Revisionist History, Pulp Fiction, and new set of Graphite Irons.
By Shaun Costello
Bewildering as it might seem to those who actually take the time to think about it, not to mention the efforts of founding fathers like Thomas Jefferson who tried to prevent it, America considers itself a Christian Nation. Even though prayer in public schools has long since been abolished, and federal funding of faith based activities is allegedly monitored by our three branches of government; during the almost two hundred years preceding the implementation these much-needed and often questioned safeguards, Christianity sank its teeth so far into the fabric of our Nation that removing the embedded dental debris is now impossible. The idea of deleting slogans like “In God We Trust” from our money, or public buildings would be political suicide to any enterprising public servant foolish enough to suggest it. And that’s OK, I guess – what harm does it do? But Fundamentalist Christians not only want to propagate their beliefs, at the public expense, they want America to have a National Religion – theirs. And a set of laws based on their beliefs. The Florida Senate is in the midst of debating legislation the would make it illegal to obtain an abortion, regardless of the circumstances of the pregnancy, without the pregnant woman involved first seeing a sonogram image of the fetus. Perhaps the woman in question should also be required to view the Shroud of Turin.
Christians have an exaggerated sense of entitlement regarding their relationship with America – basically that it belongs to them, and coloring their chronicle as the stalwart founders and defenders of the nation, any which way they choose, is their birth-right. But, it’s not just revisionist meanderings about American history that intrigues and befuddles them, but the history of their own religion, as well. Ninety percent of Christians think Jesus (if there was such a person) spoke Hebrew. Of course, the lingua franca of that time and place would have been Aramaic, but simple facts such as that seem unimportant to the true believer. Eighty percent of all Christians believe that Saint Paul (if there really was such a person) was a contemporary of Jesus. Of course, the person historically known as Saint Paul, who is alleged to have been born in 67 AD (AD-that’s after the death of Christ – for those keeping score), was more likely to have been several different people, who lived and successfully propagated and propagandized the neo-messianic political cult that became known as Christianity, between the mid-first century, and two hundred years after the death of the aforementioned Jesus.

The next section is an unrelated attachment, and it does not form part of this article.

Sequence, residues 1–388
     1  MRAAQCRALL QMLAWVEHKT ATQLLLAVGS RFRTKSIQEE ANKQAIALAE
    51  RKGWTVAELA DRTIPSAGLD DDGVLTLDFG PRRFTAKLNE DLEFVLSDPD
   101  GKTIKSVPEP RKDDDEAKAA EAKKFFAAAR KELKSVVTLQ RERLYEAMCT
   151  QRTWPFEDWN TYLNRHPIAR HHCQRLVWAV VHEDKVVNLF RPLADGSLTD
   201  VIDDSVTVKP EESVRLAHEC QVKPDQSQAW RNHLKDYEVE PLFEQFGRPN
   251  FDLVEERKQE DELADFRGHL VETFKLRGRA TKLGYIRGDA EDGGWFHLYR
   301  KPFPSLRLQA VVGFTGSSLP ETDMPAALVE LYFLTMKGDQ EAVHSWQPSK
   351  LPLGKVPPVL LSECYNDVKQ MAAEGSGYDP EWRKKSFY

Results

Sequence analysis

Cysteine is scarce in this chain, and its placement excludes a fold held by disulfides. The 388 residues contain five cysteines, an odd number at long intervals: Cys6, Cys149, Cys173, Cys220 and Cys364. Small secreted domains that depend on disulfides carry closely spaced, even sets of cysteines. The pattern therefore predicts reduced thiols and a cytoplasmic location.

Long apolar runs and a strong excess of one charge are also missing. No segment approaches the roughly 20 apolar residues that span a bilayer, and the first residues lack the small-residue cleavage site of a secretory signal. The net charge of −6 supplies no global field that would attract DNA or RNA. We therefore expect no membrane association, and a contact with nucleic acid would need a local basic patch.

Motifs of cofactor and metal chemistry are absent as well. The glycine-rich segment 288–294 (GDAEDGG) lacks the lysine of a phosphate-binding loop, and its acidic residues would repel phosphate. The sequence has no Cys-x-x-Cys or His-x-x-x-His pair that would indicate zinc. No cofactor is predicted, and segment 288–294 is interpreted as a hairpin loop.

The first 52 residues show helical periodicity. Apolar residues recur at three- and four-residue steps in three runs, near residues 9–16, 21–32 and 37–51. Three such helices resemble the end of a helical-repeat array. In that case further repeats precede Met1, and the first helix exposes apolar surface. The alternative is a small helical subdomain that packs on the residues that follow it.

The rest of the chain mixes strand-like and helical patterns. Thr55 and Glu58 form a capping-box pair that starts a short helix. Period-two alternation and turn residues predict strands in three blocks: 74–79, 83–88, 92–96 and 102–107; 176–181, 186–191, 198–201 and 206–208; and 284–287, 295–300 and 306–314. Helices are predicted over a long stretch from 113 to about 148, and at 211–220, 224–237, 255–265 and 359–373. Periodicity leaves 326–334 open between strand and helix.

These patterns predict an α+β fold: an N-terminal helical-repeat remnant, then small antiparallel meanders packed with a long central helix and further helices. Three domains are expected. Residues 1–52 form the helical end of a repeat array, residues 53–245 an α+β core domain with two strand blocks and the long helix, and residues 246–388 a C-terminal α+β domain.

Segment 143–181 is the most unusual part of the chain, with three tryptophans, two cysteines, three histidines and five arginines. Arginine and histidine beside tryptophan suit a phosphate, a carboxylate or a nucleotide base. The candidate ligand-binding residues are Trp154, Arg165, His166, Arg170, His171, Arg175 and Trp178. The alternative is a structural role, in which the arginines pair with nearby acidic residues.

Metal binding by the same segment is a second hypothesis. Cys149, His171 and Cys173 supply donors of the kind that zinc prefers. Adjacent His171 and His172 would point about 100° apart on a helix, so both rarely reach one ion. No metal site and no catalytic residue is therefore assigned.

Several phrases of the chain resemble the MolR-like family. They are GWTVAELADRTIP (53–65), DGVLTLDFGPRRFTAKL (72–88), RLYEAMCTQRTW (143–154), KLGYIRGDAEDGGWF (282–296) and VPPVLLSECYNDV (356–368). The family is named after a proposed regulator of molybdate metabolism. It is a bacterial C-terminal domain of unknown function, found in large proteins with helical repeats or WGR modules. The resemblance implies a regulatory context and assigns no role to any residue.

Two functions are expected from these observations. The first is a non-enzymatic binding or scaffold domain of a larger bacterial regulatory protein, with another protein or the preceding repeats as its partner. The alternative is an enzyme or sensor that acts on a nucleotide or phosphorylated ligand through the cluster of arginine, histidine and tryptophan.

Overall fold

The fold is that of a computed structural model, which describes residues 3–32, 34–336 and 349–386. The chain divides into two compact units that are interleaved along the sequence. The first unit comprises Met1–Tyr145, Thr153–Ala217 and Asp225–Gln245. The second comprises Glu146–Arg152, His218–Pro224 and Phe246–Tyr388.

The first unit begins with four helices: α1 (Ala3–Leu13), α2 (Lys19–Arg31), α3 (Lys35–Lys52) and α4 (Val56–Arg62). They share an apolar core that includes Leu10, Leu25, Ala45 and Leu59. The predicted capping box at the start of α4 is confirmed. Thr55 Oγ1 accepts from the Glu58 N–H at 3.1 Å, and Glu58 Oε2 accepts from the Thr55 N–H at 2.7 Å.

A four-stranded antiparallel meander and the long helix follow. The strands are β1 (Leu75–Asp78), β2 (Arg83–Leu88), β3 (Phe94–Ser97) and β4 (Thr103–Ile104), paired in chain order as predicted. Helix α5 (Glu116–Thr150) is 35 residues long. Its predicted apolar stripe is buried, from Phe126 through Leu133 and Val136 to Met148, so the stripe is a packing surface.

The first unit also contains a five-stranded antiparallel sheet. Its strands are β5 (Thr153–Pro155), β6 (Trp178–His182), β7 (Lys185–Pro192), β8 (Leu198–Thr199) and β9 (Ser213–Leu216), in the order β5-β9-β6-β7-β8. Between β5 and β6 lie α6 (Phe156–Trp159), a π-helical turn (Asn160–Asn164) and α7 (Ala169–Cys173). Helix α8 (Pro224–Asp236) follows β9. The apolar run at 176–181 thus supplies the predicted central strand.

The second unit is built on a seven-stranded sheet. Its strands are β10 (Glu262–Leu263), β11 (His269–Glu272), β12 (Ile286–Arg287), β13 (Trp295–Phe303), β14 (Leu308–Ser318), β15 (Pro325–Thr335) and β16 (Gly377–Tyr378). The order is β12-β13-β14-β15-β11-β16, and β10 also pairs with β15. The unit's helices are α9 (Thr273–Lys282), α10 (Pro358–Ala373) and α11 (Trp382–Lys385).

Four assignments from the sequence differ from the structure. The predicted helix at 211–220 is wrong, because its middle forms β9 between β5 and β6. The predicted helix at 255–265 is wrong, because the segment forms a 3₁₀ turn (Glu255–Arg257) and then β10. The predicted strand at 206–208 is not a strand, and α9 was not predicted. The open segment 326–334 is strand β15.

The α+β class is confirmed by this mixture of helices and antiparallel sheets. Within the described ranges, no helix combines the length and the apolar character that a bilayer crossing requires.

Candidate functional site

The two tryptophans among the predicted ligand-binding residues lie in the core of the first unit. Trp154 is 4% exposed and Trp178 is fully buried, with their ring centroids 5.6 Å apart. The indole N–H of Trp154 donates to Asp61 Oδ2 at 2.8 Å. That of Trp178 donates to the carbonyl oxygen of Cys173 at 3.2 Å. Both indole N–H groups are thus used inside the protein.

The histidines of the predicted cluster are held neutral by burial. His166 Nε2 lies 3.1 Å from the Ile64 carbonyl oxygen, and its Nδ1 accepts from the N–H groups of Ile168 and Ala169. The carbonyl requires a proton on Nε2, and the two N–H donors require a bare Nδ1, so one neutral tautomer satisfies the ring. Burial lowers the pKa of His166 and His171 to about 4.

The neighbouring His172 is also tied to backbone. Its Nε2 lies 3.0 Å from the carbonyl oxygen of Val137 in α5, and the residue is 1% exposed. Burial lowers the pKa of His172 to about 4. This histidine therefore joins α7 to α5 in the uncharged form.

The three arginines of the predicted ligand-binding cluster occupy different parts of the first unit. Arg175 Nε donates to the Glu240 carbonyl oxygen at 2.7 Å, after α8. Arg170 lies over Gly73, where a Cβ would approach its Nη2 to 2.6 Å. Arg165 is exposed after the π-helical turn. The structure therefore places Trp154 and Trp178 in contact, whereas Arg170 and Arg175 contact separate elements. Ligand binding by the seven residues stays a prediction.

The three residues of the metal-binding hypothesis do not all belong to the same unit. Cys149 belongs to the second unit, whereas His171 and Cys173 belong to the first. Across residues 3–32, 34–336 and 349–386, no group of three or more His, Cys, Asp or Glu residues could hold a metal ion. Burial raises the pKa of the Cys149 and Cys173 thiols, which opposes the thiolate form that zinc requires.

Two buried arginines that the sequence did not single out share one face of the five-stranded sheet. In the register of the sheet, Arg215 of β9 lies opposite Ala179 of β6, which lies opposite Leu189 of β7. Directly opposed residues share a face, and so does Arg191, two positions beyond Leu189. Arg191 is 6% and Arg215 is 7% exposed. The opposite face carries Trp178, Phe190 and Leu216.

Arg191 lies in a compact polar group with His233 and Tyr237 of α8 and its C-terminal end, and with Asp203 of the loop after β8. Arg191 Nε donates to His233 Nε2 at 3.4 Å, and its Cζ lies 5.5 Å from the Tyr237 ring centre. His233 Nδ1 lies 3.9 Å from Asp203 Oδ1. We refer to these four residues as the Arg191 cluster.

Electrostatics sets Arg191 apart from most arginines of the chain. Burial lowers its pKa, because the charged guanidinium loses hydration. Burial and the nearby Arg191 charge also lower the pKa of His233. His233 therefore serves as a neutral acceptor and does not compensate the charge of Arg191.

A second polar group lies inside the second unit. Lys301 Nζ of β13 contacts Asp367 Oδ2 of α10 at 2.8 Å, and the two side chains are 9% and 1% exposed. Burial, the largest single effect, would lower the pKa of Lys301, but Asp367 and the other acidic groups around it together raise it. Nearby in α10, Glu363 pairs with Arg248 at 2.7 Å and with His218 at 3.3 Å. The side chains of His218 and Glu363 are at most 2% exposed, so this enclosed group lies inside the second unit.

And those Gospel guys; Mathew, Mark, Luke, and John – whom almost all Christians believe to have authored those compelling stories, signed in their Anglicized noms de plume. Of course, these
stories were gleaned from folk lore handed down over several centuries, and compiled by medieval monks into the volumes that became known as the New Covenant, or New Testament.
Christianity got its first big break at the conversion of Emperor Constantine, also known as Constantine the Great, the first Christian Emperor of Rome, who issued the Edict of Milan in 313 AD, making tolerance of all religions, particularly his newly acquired Christianity, the law of the Empire. So the missionaries carried the word north, on the shoulders of the Roman Legions, and the rest was easy. The Christian storybook, which was never intended to be taken literally by its readers is, unfortunately, taken quite literally by Christian fundamentalists, who see no reason to question any of what they see as God’s word. They seem to want to force their particular beliefs on the rest of us, but can’t seem to get the particulars of those beliefs straightened out.
I live in Florida, where Jesus, who lives in South Carolina (see the signage), plays golf regularly with Elvis, Michael Landon, and former President Ford. Hey, I’ve seen them, and it’s every bit as feasible as the Christian Storybook, and considerably more entertaining.
(In Jefferson we trust)
© 2011 Shaun Costello